muckrake

[muhk-reyk]
verb (used without object), muckraked, muckraking.
to search for and expose real or alleged corruption, scandal, or the like, especially in politics.

Origin:
1675–85; obsolete muck rake a rake for use on muck or dung. See muck, rake1

muckraker, noun
Dictionary.com Unabridged
Based on the Random House Dictionary, © Random House, Inc. 2014.
Cite This Source Link To muckraker
Collins
World English Dictionary
muckrake (ˈmʌkˌreɪk)
 
n
1.  an agricultural rake for spreading manure
 
vb
2.  (intr) to seek out and expose scandal, esp concerning public figures
 
'muckraker
 
n
 
'muckraking
 
n

Collins English Dictionary - Complete & Unabridged 10th Edition
2009 © William Collins Sons & Co. Ltd. 1979, 1986 © HarperCollins
Publishers 1998, 2000, 2003, 2005, 2006, 2007, 2009
Cite This Source
Etymonline
Word Origin & History

muckraker
"one who inquires into and publishes scandal and allegations of corruption among political and business leaders," popularized 1906 in speech by President Theodore Roosevelt, in allusion to character in Bunyan's "Pilgrim's Progress" (1684) who seeks worldly gain by raking filth.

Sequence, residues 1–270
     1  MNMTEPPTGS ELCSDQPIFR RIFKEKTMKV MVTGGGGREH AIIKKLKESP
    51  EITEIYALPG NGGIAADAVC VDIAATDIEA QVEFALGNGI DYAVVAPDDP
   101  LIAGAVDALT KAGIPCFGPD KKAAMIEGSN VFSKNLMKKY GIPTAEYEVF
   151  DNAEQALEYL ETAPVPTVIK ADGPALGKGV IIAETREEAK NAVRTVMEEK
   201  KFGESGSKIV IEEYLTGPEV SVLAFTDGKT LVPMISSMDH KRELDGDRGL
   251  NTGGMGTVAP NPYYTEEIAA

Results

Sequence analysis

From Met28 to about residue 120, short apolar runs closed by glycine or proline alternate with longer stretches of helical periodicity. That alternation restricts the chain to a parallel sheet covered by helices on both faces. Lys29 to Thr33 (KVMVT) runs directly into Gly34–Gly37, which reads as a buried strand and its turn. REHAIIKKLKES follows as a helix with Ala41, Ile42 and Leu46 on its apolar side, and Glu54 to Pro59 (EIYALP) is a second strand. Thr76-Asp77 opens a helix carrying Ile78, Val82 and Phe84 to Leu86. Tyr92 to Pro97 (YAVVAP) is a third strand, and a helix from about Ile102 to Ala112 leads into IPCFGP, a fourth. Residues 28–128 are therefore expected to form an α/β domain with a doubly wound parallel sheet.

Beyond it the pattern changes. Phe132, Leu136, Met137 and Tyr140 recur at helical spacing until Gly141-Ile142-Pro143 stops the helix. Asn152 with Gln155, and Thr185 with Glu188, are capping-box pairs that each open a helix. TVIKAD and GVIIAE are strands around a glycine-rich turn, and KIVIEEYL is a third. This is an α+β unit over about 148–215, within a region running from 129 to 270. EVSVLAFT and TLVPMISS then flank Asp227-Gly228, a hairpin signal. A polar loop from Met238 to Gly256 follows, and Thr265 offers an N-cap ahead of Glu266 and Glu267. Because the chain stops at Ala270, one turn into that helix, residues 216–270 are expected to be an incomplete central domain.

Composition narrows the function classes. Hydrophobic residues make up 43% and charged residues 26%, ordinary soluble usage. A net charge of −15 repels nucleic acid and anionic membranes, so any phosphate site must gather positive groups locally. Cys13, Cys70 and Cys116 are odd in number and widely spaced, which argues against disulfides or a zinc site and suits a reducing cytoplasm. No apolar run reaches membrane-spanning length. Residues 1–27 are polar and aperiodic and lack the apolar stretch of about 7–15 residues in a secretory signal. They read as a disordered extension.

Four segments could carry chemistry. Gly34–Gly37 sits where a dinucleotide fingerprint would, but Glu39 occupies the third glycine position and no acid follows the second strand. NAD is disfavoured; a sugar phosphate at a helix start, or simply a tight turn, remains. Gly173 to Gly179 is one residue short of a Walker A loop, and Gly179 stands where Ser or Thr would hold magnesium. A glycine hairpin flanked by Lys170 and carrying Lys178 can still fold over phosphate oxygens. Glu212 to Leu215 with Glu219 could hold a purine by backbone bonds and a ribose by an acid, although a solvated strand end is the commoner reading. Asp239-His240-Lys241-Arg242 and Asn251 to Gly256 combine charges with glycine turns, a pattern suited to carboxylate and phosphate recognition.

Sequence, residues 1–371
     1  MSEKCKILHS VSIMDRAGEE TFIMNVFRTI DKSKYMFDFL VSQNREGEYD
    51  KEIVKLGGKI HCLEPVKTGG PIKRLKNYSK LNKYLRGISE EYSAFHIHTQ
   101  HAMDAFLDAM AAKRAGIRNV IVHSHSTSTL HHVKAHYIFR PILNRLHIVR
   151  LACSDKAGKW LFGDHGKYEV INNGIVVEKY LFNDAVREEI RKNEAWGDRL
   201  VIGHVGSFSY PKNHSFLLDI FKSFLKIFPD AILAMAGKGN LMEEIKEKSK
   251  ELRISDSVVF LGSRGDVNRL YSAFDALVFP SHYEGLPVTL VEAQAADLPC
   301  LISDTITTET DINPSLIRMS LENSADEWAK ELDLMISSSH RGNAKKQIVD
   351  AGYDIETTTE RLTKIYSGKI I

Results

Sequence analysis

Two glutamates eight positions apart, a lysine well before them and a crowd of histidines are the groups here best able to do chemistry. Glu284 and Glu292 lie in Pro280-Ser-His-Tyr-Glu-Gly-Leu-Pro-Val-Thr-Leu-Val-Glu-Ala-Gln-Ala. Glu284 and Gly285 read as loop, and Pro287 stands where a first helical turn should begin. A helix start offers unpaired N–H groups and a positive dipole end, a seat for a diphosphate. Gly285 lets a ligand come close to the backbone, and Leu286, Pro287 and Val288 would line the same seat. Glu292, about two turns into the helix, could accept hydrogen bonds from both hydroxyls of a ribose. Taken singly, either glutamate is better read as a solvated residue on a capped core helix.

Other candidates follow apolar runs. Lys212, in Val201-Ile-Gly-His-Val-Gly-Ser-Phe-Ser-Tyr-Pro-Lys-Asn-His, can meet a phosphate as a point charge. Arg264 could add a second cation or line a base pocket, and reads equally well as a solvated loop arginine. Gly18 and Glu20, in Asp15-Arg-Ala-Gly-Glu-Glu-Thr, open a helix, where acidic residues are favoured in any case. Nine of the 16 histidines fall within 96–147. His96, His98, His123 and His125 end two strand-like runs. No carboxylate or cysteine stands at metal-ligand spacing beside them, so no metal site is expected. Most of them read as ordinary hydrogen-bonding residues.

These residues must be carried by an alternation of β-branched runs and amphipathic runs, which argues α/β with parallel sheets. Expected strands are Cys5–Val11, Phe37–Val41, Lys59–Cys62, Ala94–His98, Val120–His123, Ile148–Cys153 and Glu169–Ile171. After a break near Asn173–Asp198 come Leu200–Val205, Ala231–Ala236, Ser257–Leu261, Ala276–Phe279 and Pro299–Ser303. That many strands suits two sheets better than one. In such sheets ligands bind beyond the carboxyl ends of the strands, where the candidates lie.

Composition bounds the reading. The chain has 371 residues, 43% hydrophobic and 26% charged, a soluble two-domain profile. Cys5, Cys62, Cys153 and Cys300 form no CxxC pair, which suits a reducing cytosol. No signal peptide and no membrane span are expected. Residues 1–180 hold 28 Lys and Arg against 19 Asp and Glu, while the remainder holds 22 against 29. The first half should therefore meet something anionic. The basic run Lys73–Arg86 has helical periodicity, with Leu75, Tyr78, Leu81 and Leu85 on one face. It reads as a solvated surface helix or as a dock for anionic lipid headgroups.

"The men with the muck-rakes are often indispensable to the well-being of society, but only if they know when to stop raking the muck." [T. Roosevelt, quoted in "Cincinnati Enquirer," April 15, 1906.]
Related: Muckraking.
Online Etymology Dictionary, © 2010 Douglas Harper
Cite This Source
Example sentences
He tells this toxic story with visual flair and the statistical punch of an inspired muckraker.
After twenty years in the field, he won renown as a muckraker and politician.
Copyright © 2014 Dictionary.com, LLC. All rights reserved.
  • Please Login or Sign Up to use the Recent Searches feature